Zero Trust Security Defined
Zero Trust is an approach to cybersecurity that requires all users, devices and connections to be continuously authenticated before being granted access to data and IT assets.
Zero Trust is an alternative to a “castle-and-moat” strategy that implicitly trusts users and devices connected to the network. Historically, this model has enabled attackers who have successfully penetrated a network perimeter to move freely throughout an IT environment.
A Zero Trust model can stop this lateral movement by ensuring only authenticated users and devices have access to applications. This is achieved in part through least privilege access enforcement, comprehensive security monitoring of user activity and an understanding that everyone is denied access by default.
The Need for Zero Trust Security
In the past, network security was focused on creating a solid perimeter within which data and assets could be protected. Any user, device or asset already within the network was considered safe and could be granted broad access.
With the rise of cloud computing and remote workforces, IT environments are increasingly distributed. Users, data and resources may reside anywhere in the world, making the notion of a secure network perimeter obsolete. At the same time, security threats have grown increasingly sophisticated, and the average cost of each data breach now reaches millions of dollars.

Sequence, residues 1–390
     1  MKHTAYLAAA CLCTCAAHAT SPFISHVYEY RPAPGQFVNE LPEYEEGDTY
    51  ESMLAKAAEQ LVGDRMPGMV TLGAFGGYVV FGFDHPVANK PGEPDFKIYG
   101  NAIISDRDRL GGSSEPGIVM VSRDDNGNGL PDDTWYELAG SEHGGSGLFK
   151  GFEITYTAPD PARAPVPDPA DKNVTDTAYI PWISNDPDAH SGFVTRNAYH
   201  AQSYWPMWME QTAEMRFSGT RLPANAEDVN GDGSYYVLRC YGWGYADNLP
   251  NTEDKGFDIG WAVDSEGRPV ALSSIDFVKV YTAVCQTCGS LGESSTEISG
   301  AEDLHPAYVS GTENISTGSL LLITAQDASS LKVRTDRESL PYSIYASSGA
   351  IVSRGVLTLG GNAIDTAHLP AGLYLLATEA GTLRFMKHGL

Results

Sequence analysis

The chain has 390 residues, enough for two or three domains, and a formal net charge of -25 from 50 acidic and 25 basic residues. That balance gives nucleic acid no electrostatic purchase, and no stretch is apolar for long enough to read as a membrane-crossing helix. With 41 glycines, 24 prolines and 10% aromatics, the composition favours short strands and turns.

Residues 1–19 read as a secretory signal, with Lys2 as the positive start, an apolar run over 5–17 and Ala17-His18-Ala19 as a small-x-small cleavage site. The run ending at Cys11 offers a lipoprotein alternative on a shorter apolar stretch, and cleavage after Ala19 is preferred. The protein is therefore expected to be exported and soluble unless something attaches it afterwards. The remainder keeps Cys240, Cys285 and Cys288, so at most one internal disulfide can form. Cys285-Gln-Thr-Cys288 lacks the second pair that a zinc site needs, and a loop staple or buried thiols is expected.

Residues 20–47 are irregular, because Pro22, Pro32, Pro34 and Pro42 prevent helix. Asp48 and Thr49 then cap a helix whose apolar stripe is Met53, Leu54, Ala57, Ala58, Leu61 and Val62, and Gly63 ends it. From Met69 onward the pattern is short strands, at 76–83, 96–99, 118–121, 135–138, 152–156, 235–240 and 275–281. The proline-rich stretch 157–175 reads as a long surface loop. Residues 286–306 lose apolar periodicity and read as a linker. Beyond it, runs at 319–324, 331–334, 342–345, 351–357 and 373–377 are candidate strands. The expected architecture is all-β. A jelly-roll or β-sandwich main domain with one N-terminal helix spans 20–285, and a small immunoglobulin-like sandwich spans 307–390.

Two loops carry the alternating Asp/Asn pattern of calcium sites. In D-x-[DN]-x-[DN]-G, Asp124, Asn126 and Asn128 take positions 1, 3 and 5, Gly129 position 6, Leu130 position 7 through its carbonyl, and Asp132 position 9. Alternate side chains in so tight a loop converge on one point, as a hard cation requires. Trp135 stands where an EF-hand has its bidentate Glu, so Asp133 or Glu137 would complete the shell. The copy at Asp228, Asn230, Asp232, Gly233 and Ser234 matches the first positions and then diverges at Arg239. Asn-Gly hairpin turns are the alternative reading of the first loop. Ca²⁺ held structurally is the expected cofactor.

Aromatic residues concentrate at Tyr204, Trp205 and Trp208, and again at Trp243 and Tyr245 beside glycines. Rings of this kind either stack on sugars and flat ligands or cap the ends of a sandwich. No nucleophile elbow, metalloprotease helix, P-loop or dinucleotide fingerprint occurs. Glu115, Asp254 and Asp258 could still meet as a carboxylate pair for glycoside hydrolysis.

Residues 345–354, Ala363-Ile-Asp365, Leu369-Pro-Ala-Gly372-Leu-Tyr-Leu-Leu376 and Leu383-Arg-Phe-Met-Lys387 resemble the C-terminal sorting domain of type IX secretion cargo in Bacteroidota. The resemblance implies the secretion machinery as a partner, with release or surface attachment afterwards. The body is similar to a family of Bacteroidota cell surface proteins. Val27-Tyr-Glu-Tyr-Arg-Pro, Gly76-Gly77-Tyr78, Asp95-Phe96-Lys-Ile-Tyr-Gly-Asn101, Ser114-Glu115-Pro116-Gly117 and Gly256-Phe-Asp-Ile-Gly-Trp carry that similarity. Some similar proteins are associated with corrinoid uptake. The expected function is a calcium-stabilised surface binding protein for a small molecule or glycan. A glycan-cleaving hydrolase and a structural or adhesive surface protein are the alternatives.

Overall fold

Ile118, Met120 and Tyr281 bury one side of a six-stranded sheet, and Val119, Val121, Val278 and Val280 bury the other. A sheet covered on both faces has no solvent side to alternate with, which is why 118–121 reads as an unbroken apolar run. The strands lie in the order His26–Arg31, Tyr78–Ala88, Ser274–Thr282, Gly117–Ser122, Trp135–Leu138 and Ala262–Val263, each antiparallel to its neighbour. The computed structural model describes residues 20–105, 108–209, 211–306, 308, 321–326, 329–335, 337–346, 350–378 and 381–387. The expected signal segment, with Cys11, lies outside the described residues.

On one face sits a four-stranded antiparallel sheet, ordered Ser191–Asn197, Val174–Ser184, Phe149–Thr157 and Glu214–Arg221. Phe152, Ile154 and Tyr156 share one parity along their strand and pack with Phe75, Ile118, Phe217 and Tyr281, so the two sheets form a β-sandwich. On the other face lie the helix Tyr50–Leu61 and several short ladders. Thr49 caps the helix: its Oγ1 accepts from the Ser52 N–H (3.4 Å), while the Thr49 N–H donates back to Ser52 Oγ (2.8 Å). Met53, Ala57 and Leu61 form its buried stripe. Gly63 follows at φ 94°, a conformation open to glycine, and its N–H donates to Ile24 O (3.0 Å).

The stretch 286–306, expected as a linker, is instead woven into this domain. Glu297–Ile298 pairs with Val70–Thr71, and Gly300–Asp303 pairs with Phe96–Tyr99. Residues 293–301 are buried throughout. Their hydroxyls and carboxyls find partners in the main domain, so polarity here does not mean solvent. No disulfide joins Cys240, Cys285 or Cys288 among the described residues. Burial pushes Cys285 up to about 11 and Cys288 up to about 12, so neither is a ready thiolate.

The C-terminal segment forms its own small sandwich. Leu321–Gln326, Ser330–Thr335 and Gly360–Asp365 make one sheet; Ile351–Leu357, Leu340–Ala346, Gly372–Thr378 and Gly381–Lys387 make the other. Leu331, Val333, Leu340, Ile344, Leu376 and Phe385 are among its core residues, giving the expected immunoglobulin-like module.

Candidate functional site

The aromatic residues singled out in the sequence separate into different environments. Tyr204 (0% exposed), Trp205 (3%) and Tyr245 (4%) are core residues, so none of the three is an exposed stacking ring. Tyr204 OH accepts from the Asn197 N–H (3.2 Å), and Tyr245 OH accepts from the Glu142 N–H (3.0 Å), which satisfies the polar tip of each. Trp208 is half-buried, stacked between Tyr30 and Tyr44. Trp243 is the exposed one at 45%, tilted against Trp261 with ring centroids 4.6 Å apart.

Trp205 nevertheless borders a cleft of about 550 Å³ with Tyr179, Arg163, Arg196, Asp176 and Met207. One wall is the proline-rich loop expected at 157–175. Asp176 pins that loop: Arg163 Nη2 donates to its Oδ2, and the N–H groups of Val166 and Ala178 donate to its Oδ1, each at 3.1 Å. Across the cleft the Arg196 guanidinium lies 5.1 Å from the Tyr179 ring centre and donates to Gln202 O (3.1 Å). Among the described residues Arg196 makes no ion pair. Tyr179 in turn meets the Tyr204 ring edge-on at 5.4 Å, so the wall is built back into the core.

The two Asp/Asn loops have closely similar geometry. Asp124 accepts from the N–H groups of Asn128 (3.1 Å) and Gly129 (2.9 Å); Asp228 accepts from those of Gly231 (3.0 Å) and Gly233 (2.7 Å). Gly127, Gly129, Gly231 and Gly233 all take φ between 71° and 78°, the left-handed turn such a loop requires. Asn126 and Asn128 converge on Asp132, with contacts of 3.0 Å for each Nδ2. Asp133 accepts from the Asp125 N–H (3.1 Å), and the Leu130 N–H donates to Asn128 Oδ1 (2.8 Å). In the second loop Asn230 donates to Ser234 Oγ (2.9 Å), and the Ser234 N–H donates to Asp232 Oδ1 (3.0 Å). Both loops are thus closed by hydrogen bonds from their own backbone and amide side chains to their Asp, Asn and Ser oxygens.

The Zero Trust framework was developed to provide superior security by validating users, devices and connections on every transaction, regardless of whether they are inside or outside the organization. Organizations can block and neutralize many common security threats with Zero Trust security. And when attackers successfully breach a network perimeter, Zero Trust security prevents them from dwelling for long periods within the system, moving laterally to exploit high-value targets and sensitive data and applications.
Zero Trust delivers comprehensive visibility of sensitive data across the organization – including visibility of the users and groups accessing that data – and a flat network topology to limit exposure if an area is compromised.
The Principles of Zero Trust Security
Zero Trust security is built on several fundamental principles and practices.
- Never trust, always verify. Zero Trust requires organizations to curtail permission sprawl for users inside the network. Every user, device and connection must assume to be already compromised and must be re-validated on every request.
- Accept that threats are already in the network. Zero Trust requires security teams to assume that threats are already within the system and to seek to identify and remediate them constantly.